Vegetables are an essential part of any diet – especially for a growing child. They contain essential nutrients that are vital for their overall health, growth and development. The high fiber content fills them up so they're not looking to satisfy their hunger with sweets and processed foods. The fiber-protein sends a signal to the brain to stop eating and helps children recognize when they're hungry and when they're not.
Veggies also require much chewing, which forces kids to eat slower, contributes to healthy digestion and prevents overeating. Many calories are actually burned simply through the process of eating and digesting vegetables.
Good carbs are packed into vegetables. In fact, veggies are among the healthiest carbohydrates children can eat. The combination of protein and fiber even steadies the blood sugar.
The vibrant colors in the veggies comes from phytonutrients. These natural ingredients boost a child's immune system by fighting off germs, much like colostrum. With children being in constant contact with germs at school, veggies are a great way to naturally protect their systems.
Despite all of these fantastic benefits that vegetables have to offer, some children just aren't a fan of the way they taste. A chocolate cupcake always looks better than a stalk of broccoli or a handful of carrots. Therefore, parents must get a little sneaky if they want their kids to eat a little healthier. Here are a few ways to get those vegetables out of your fridge and into your child's tummy:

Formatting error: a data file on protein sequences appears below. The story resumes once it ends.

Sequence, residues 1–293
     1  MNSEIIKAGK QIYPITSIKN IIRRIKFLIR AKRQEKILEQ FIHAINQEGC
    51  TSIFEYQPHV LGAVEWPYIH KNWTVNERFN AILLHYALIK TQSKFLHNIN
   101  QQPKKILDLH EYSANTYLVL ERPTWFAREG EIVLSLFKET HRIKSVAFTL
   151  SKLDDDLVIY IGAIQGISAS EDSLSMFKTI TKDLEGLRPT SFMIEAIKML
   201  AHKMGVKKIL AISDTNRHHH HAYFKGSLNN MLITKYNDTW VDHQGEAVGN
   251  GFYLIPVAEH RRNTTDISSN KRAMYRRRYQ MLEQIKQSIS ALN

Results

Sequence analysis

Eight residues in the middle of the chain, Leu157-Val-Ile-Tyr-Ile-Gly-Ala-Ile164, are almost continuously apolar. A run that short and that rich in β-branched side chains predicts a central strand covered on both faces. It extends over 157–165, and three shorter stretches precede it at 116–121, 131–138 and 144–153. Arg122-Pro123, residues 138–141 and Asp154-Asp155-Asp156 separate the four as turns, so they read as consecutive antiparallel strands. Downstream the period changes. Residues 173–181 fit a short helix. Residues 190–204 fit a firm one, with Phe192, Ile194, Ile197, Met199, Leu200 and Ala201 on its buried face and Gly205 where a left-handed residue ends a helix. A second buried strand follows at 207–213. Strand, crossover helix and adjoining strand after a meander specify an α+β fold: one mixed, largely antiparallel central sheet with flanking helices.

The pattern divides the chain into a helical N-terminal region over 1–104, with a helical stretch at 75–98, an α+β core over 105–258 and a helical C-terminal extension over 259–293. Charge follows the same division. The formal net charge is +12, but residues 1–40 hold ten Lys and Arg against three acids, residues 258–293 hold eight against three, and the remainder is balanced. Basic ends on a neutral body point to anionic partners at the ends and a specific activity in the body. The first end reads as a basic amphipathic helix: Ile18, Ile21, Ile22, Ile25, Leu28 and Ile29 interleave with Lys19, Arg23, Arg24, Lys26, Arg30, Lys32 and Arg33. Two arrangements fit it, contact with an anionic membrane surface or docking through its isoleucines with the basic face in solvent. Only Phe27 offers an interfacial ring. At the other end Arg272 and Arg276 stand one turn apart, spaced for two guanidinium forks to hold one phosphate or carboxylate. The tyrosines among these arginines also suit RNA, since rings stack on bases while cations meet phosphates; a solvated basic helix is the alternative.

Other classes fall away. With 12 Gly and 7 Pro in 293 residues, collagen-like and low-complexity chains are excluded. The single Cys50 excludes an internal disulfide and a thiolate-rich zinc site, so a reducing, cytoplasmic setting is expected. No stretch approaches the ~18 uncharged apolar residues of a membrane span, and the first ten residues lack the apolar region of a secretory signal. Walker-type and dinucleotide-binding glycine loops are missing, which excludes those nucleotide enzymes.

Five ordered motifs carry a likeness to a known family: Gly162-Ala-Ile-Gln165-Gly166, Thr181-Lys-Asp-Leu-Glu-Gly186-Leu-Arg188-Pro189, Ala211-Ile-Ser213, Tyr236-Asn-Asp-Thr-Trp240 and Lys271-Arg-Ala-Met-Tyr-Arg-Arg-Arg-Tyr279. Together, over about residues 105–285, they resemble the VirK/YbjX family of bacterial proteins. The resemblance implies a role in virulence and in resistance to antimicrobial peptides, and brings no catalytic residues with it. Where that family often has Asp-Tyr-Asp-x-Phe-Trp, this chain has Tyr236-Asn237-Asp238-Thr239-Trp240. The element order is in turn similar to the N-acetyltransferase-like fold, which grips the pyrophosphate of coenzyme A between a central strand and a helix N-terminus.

Use the right terminology
If you're referring to these green foods as vegetables, children are going to equate that with yucky taste. But if you change up the terminology, you may have better luck in getting them to eat their veggies. Parenting.com suggested referring to them as "grow foods." This can help reinforce a child's love for them because it relates eating healthy with growing big and strong – something every kid wants.
Offer veggies when they're hungry
If a child is hungry, they'll eat. Give them something they can easily snack on like baby carrots, cucumbers or red bell peppers. Amp up the taste with some hummus or low-fat salad dressing that they'll love to dip their vegetables in!
Let them decide
Bring your child grocery shopping with you and let them peruse the produce section for foods that they want to try out. They may like something for its color or shape and be more willing to snack on it.
Hold dessert hostage
Children sure do love their sweets. Therefore, if you let them know that they can't have dessert without finishing their veggies first, they may be more likely to clean their plate.
You could be sneaky and include vegetables in smoothies and other recipes. Use a blender or juicer to grind them up and make them invisible to the eye and taste buds. The sweetness of the fruit will overpower the veggie taste – your kids will never know!
Include children in the prep work
When preparing the vegetables, have your child help out by washing them while you cut them into bite sized pieces that will be easy to snack on.